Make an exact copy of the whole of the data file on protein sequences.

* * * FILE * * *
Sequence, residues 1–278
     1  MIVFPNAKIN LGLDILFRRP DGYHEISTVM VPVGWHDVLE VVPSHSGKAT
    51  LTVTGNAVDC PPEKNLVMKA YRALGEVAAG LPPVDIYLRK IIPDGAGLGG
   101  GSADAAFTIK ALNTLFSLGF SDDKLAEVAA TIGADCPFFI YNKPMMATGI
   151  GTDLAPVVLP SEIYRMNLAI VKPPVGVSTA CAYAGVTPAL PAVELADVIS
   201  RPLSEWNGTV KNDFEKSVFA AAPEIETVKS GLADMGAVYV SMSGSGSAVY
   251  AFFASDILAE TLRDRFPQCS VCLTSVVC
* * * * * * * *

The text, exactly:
Sequence, residues 1–278
     1  MIVFPNAKIN LGLDILFRRP DGYHEISTVM VPVGWHDVLE VVPSHSGKAT
    51  LTVTGNAVDC PPEKNLVMKA YRALGEVAAG LPPVDIYLRK IIPDGAGLGG
   101  GSADAAFTIK ALNTLFSLGF SDDKLAEVAA TIGADCPFFI YNKPMMATGI
   151  GTDLAPVVLP SEIYRMNLAI VKPPVGVSTA CAYAGVTPAL PAVELADVIS
   201  RPLSEWNGTV KNDFEKSVFA AAPEIETVKS GLADMGAVYV SMSGSGSAVY
   251  AFFASDILAE TLRDRFPQCS VCLTSVVC